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Designed for the pastor and Bible teacher, this series brings together commentary features rarely gathered together in one volume. Written by notable evangelical scholars, each volume in the Zondervan Exegetical Commentary on the New Testament series treats the literary context and structure of the passage in the original Greek. The series consistently provides the main point, an exegetical outline, verse-by-verse commentary, and theology in application in each section of every commentary. Critical scholarship informs each step but does not dominate the commentary, allowing readers to concentrate on the biblical author’s message as it unfolds. While primarily designed for those with a basic knowledge of biblical Greek, all who strive to understand and teach the New Testament will find these books beneficial. The ZECNT series covers the entire New Testament in twenty volumes; Clinton E. Arnold serves as general editor. In this volume, Clinton Arnold offer pastors, students, and teachers a focused resource for reading Ephesians. Through the use of graphic representations of translations, succinct summaries of main ideas, exegetical outlines and other features, Arnold present Paul’s epistle to the Ephesians with precision and accuracy. Because of this series’ focus on the textual structure of the scriptures, readers will better understand the literary elements of Ephesians, comprehend the author’s revolutionary goals, and ultimately discovering their vital claims upon the church today.
The apostolic mission from Israel to “the nations” forms the explicit framework for Ephesians and Colossians. Yet the concrete dynamics of this mission seldom play any significant role in modern interpretation. Scholars frequently approach these letters as if the Jew-gentile dynamics inherent in the early Christ-preaching mission are either irrelevant, or are negated by the letters themselves. This book seeks to redress this deficiency. Windsor approaches Ephesians and Colossians with an evangelical post-supersessionist perspective. By highlighting, rather than downplaying, Israel’s special place in salvation history, Windsor demonstrates that Jew-gentile dynamics and missionary concerns are highly significant for understanding the overall argument of these two letters. The resulting readings offer a deeper appreciation of the biblical, Israel-centered contours in which the theological and ethical concerns of the letters are expressed. Along the way, Windsor demonstrates how certain texts in Ephesians and Colossians, which are often read as evidence of a supersessionist perspective, are capable of more fruitful and satisfactory post-supersessionist interpretations. He demonstrates that in these letters, Christ does not negate Jewish distinctiveness. Rather, Christ’s mission proceeds through Israel to the nations, creating mutual blessing in the Messiah.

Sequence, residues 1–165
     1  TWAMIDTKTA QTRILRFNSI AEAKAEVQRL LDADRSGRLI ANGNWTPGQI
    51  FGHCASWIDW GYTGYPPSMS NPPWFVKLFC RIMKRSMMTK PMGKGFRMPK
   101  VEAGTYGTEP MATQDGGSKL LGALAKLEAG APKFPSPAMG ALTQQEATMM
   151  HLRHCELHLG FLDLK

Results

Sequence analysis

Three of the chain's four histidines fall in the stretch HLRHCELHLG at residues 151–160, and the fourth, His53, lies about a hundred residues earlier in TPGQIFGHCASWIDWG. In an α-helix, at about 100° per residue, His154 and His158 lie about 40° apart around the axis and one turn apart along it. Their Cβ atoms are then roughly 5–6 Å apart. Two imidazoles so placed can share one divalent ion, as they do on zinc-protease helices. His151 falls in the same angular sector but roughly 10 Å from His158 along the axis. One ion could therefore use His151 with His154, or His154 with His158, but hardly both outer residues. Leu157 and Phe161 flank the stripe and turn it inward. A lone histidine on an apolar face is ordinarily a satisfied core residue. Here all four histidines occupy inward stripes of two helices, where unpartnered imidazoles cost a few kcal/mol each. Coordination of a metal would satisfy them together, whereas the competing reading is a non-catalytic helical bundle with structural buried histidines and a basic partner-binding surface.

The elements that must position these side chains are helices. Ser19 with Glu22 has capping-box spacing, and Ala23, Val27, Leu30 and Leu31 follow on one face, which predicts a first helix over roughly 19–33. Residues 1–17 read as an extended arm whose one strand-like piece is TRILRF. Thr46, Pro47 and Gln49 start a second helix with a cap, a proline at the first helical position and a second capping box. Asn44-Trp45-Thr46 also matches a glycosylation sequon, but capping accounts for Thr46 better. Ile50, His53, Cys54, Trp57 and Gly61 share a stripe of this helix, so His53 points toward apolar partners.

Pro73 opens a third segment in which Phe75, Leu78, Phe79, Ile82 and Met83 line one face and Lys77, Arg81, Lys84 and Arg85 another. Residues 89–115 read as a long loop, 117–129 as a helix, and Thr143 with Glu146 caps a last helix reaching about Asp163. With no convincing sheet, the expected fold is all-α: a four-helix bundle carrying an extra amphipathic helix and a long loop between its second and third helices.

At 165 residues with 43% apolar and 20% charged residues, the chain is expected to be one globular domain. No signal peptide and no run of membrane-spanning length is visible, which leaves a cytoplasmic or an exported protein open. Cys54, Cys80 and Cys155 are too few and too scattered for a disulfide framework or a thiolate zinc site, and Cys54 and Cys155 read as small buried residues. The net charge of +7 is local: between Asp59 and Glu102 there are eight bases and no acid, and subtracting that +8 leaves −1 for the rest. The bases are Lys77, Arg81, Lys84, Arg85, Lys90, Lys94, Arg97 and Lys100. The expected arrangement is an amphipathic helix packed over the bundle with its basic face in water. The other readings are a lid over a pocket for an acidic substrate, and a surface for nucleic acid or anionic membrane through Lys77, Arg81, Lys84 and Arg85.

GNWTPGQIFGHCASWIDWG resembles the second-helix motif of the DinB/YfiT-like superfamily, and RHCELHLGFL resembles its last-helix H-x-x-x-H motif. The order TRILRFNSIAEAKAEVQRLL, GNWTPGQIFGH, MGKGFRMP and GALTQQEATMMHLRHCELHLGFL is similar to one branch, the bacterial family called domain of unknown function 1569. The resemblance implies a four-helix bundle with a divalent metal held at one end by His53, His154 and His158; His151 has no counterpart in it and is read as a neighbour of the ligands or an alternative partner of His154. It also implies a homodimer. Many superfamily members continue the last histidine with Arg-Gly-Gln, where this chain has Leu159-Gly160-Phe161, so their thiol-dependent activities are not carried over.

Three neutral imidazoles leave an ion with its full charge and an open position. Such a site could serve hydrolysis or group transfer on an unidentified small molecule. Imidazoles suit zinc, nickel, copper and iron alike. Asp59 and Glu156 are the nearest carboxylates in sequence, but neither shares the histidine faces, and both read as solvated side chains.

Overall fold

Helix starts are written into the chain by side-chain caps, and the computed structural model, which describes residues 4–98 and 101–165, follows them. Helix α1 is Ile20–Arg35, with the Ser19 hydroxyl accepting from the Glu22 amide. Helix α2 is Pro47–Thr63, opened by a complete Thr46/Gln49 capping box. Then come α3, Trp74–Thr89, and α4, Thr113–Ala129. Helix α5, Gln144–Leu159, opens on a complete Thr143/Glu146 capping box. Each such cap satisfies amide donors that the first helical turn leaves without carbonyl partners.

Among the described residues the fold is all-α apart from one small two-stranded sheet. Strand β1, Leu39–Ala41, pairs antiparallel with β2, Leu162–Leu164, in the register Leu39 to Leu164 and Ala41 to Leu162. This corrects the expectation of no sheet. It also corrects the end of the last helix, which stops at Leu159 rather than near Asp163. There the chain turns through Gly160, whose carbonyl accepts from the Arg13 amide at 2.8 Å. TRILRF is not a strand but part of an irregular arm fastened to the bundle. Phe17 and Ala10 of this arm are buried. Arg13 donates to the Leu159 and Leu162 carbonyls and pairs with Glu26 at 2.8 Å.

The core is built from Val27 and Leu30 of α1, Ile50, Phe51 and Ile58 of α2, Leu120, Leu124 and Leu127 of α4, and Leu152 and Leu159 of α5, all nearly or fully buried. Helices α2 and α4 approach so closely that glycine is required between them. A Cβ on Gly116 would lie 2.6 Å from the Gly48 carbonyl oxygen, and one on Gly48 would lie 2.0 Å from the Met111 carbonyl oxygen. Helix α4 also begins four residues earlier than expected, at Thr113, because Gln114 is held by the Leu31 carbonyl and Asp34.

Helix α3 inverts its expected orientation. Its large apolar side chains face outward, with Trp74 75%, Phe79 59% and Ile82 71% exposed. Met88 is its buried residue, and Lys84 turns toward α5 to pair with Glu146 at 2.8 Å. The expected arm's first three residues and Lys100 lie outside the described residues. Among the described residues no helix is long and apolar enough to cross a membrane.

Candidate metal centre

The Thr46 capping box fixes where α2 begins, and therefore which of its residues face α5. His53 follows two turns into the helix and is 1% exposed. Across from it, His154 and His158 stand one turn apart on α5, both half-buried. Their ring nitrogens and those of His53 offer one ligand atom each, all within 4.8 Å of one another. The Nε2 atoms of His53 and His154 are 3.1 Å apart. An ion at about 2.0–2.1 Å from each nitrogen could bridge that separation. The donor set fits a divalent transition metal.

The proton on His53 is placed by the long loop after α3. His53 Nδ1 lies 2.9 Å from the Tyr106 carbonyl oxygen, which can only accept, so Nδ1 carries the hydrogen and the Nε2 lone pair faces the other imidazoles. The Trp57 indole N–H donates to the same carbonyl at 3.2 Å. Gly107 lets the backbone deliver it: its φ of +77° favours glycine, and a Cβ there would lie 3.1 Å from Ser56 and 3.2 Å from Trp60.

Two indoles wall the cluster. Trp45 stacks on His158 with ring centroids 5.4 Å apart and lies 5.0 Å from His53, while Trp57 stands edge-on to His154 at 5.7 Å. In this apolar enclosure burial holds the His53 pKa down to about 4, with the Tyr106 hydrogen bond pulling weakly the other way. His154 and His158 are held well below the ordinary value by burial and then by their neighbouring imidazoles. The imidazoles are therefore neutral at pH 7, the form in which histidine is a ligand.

In this study, Michael Immendorfer examines the relationship between the New Testament letter to the Ephesians and the ancient city of Ephesus, which had the great Artemis as its goddess. He seeks to make a contribution to the discussion on the extent to which conclusions can be drawn concerning the local-historical explanation of New Testament epistles by viewing the latter through the lens of Greco-Roman cultic practices. Thus the contents of Ephesians are compared with the abundantly available archaeological and epigraphical sources of the Asia Minor metropolis. This endeavour reveals that the letter contains numerous unequivocal references to the cult of Artemis, a nexus suggesting that the author was very familiar with the historical background of ancient Ephesus and contextualised his letter accordingly for the intended readers who lived in this particular cultic environment.
The "Greek-German Dictionary of Writings from the New Testament and Early Christian Literature" is one of the standard works for New Testament scholars, researchers in patristics, and classical philologists. The 6th edition has been completely revised in all respects - in the NT text-base (both with respect to its comprehensiveness and the provision of variants) and in the Apostolic Fathers and the New Testament Apocrypha (these have been incorporated as comprehensively as possible for the first time). In addition, the Apologists and Early Church Fathers have been cited far more frequently than was previously the case. Numerous authors from the Christian, intertestamentary and classical fields have been referenced for the first time. Over 250 new articles have been included. The new typography speeds up searching and makes the structure of the articles more transparent. Thus, it waspossible to expand the material by about a third without increasing the number of pages.
To preach effectively in today's world, preachers need cultural intelligence. They must build bridges between listeners who come from various denominations, ethnicities, genders, locations, religious backgrounds, and more. Experienced preacher and teacher Matthew Kim provides a step-by-step template for cross-cultural hermeneutics and homiletics, equipping preachers to reach their varied listeners in the church and beyond. Each chapter includes questions for individual thought or group discussion. The book also includes helpful diagrams and images, a sample sermon, and appendixes for exegeting listeners and for exploring cultural differences.

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